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Former NY governor Mario Cuomo dies at 82

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NEW YORK (PIX11/CNN) -- Former New York Governor Mario Cuomo has died at the age of 82 on New Year's Day, his son Chris Cuomo confirmed.

Cuomo died just hours after son Gov. Andrew Cuomo was sworn in for his second-term at the World Trade Center.

Andrew Cuomo remarked during his inaugural address that his father was too ill to attend.

"He couldn't be here physically today, my father," the governor said. "But my father is in this room. He's in the heart and mind of every person who is here and his inspiration and his legacy and his experience is what has brought this state to this point."

Mario Cuomo had been hospitalized in recent weeks for a heart condition.

He was born in New York City, in the apartment above his father's grocery store. After a brief shot at a career in minor league baseball, Cuomo pursued a law degree and graduated at the top of his class from St. John's University School of Law.

Although the allure of public service was strong, his early attempts at seeking political office ended in defeat.

Cuomo's first electoral success came in 1978 as running mate to former New York Gov. Hugh Carey. Four years later, Carey stepped aside, and Cuomo entered the race and won.

The Governor presented 11 balanced budgets while in office and implemented comprehensive governmental ethics and fiscal reforms, according to an official statement.

President Barack Obama praise Cuomo for his faith in God and championing of progressive values in a statement issued by the White House.

"His own story taught him that as Americans, we are bound together as one people, and our country's success rests on the success of all of us, not just a fortunate few," the President said.

Cuomo announced Bill Clinton's nomination for President at the 1992 Democratic Convention.

"It was Mario Cuomo's great gift and our good fortune that he was both a sterling orator and a passionate public servant. His life was a blessing," Clinton said in a statement.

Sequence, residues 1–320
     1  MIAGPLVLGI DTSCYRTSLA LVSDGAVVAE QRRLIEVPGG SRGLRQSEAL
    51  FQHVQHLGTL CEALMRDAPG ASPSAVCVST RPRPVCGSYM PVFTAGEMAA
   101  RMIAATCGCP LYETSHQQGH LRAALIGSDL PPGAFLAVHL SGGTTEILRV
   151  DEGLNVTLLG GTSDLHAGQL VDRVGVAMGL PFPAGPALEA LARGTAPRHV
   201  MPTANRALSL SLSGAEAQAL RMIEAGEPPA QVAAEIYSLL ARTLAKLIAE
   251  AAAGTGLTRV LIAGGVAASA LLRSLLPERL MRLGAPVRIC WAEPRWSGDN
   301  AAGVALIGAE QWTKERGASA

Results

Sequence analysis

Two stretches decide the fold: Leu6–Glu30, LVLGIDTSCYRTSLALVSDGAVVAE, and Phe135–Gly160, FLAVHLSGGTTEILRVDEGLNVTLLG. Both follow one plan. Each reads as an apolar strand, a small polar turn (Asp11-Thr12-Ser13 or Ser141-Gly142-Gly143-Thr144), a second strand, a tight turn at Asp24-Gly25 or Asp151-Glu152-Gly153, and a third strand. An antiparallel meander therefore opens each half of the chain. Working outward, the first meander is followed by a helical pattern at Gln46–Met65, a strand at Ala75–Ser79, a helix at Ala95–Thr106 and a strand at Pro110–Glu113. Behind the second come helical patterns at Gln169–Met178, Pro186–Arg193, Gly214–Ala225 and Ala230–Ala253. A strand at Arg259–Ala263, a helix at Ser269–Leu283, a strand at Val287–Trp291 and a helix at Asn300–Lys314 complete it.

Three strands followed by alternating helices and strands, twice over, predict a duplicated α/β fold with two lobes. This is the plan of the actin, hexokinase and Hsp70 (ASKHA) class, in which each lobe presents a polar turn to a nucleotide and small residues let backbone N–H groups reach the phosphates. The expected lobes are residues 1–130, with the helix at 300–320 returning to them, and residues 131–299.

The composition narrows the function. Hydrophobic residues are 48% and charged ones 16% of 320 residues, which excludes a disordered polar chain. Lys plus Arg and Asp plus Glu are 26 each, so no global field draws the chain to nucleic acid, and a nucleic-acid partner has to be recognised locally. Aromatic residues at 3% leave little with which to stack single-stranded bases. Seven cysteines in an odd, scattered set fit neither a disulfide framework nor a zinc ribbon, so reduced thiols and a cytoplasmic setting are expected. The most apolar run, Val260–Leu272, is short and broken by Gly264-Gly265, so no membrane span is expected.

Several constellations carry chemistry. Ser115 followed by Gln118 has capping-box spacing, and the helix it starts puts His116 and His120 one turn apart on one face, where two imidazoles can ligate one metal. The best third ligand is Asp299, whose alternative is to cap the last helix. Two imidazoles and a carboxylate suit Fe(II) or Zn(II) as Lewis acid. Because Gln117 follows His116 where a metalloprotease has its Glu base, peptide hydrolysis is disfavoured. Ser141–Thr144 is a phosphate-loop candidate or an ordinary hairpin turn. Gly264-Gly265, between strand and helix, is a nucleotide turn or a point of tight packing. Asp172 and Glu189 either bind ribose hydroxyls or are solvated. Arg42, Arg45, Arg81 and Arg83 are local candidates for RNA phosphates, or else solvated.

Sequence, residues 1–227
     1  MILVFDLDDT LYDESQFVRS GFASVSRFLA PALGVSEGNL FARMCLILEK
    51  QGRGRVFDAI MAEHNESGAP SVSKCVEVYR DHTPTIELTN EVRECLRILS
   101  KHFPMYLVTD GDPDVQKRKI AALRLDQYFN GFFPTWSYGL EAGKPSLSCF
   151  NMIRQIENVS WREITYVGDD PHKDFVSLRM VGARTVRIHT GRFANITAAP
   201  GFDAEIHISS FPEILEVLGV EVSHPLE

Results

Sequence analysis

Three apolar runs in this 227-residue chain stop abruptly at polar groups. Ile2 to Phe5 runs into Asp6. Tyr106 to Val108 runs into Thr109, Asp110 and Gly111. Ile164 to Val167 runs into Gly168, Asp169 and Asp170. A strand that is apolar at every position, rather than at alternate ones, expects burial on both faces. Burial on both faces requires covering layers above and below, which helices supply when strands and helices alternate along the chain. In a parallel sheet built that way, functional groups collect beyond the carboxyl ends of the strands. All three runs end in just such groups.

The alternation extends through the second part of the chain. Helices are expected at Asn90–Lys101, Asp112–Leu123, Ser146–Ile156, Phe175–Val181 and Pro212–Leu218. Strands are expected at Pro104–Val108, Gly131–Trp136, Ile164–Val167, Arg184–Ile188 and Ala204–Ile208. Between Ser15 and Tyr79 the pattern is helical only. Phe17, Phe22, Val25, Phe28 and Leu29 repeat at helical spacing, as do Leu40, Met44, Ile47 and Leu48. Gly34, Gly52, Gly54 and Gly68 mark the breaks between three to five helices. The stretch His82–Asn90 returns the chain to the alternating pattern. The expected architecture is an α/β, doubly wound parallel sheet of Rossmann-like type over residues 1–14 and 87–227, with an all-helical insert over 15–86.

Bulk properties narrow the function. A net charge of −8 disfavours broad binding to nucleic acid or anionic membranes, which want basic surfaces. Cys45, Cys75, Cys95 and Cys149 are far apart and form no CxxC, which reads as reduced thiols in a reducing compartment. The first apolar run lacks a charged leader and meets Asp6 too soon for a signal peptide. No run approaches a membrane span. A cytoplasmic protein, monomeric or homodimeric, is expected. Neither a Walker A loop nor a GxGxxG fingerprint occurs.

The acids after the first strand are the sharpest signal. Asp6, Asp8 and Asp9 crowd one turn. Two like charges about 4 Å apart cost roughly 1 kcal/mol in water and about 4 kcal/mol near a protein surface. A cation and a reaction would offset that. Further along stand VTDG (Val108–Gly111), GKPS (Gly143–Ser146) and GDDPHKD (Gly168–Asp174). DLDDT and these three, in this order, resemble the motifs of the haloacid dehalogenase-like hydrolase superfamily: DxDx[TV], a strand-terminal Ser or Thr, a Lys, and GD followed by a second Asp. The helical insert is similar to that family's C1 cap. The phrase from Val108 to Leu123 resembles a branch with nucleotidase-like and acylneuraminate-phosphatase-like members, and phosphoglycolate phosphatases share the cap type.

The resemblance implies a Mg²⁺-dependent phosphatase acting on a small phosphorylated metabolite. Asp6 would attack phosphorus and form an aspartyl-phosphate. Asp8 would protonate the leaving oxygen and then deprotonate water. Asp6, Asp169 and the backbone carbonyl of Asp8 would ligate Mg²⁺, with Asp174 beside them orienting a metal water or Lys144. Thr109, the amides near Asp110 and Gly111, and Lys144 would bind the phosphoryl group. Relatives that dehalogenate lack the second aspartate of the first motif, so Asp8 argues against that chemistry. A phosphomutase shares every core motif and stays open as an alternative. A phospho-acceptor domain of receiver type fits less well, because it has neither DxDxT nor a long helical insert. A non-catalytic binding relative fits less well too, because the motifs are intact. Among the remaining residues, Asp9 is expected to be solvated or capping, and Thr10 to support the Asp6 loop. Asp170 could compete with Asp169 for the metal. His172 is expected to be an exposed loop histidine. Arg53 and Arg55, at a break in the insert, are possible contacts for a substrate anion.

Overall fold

Jon Favreau, a former speechwriter for President Barack Obama, praised Cuomo's 1984 address as one of his all-time favorite speeches.

"Used to read it constantly for inspiration," he tweeted.

Cuomo's death touched people across the political spectrum.

"Our country and our region lost a giant today with the passing of Governor Mario Cuomo," New Jersey Gov. Chris Christie said in a statement. "He was a strong, eloquent leader who loved New York and its people. As an Italian-American, he was also a role model for future generations that anything was possible through hard work and education."

The Rev. Al Sharpton remembered the former governor as "the last liberal giant of New York politics."

"He was a philosopher at heart that always saw the bigger picture. Even when we would engage in debate I felt he was playing chess while I was playing checkers," he said. "Mario, you have earned it and your place in history is secure. You can now sleep with the greats."

New York City Mayor Bill de Blasio has ordered flags flying in the city that were lowered to half staff in honor of slain NYPD officers Rafael Ramos and Wenjian Liu to remain lowered for 30 days to honor Cuomo's memory.

de Blasio commended the late former governor's humanity in a statement:

"Mario Cuomo was a man of unwavering principle who possessed a compassion for humankind that was without equal."

He held the governorship for three terms, winning two more handily by emphasizing lower taxes, balanced budgets, public education and affirmative action.He won national attention with his keynote address at the 1984 Democratic National Convention.

He was married to his wife, Matilda, for more than six decades. They had five children.

Asked once how we wanted to be remembered, Mario Cuomo replied: "One of the simple things I wanted to achieve is -- I want to be governor. I want to be the hardest working there ever was. And I want, when it's over -- and I figured on four years at first -- I want people to say, now, there was an honest person."